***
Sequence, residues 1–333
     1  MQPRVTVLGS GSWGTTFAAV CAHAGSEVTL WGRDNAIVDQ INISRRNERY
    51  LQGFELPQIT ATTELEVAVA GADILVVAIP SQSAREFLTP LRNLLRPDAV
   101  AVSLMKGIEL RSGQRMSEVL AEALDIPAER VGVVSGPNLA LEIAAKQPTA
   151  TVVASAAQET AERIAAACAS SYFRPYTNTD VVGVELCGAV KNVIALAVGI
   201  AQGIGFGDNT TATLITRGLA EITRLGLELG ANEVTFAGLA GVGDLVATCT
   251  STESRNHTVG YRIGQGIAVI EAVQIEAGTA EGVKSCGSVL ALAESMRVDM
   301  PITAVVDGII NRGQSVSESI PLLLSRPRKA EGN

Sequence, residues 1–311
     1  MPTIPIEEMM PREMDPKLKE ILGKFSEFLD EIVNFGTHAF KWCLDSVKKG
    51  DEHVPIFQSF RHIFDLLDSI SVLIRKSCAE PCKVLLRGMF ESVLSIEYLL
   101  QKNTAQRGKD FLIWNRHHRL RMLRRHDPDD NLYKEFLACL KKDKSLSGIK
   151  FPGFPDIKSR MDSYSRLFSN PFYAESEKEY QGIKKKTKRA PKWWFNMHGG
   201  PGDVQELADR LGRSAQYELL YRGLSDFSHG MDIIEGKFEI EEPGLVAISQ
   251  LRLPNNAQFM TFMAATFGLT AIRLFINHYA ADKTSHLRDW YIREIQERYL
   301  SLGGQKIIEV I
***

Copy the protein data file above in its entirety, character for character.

Sequence, residues 1–333
     1  MQPRVTVLGS GSWGTTFAAV CAHAGSEVTL WGRDNAIVDQ INISRRNERY
    51  LQGFELPQIT ATTELEVAVA GADILVVAIP SQSAREFLTP LRNLLRPDAV
   101  AVSLMKGIEL RSGQRMSEVL AEALDIPAER VGVVSGPNLA LEIAAKQPTA
   151  TVVASAAQET AERIAAACAS SYFRPYTNTD VVGVELCGAV KNVIALAVGI
   201  AQGIGFGDNT TATLITRGLA EITRLGLELG ANEVTFAGLA GVGDLVATCT
   251  STESRNHTVG YRIGQGIAVI EAVQIEAGTA EGVKSCGSVL ALAESMRVDM
   301  PITAVVDGII NRGQSVSESI PLLLSRPRKA EGN

Sequence, residues 1–311
     1  MPTIPIEEMM PREMDPKLKE ILGKFSEFLD EIVNFGTHAF KWCLDSVKKG
    51  DEHVPIFQSF RHIFDLLDSI SVLIRKSCAE PCKVLLRGMF ESVLSIEYLL
   101  QKNTAQRGKD FLIWNRHHRL RMLRRHDPDD NLYKEFLACL KKDKSLSGIK
   151  FPGFPDIKSR MDSYSRLFSN PFYAESEKEY QGIKKKTKRA PKWWFNMHGG
   201  PGDVQELADR LGRSAQYELL YRGLSDFSHG MDIIEGKFEI EEPGLVAISQ
   251  LRLPNNAQFM TFMAATFGLT AIRLFINHYA ADKTSHLRDW YIREIQERYL
   301  SLGGQKIIEV I